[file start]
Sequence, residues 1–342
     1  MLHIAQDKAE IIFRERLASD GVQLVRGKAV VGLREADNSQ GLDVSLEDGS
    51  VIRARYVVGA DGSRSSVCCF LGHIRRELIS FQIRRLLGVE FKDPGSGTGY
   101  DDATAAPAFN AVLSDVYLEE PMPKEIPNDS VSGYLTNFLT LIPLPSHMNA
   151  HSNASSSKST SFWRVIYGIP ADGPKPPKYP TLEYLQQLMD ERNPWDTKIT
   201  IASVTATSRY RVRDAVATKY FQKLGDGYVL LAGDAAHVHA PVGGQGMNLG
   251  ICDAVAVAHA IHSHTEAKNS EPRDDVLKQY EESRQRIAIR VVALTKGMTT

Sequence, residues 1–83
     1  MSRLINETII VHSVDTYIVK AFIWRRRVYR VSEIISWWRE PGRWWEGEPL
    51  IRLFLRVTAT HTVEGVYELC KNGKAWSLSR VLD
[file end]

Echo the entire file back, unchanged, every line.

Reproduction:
Sequence, residues 1–342
     1  MLHIAQDKAE IIFRERLASD GVQLVRGKAV VGLREADNSQ GLDVSLEDGS
    51  VIRARYVVGA DGSRSSVCCF LGHIRRELIS FQIRRLLGVE FKDPGSGTGY
   101  DDATAAPAFN AVLSDVYLEE PMPKEIPNDS VSGYLTNFLT LIPLPSHMNA
   151  HSNASSSKST SFWRVIYGIP ADGPKPPKYP TLEYLQQLMD ERNPWDTKIT
   201  IASVTATSRY RVRDAVATKY FQKLGDGYVL LAGDAAHVHA PVGGQGMNLG
   251  ICDAVAVAHA IHSHTEAKNS EPRDDVLKQY EESRQRIAIR VVALTKGMTT

Sequence, residues 1–83
     1  MSRLINETII VHSVDTYIVK AFIWRRRVYR VSEIISWWRE PGRWWEGEPL
    51  IRLFLRVTAT HTVEGVYELC KNGKAWSLSR VLD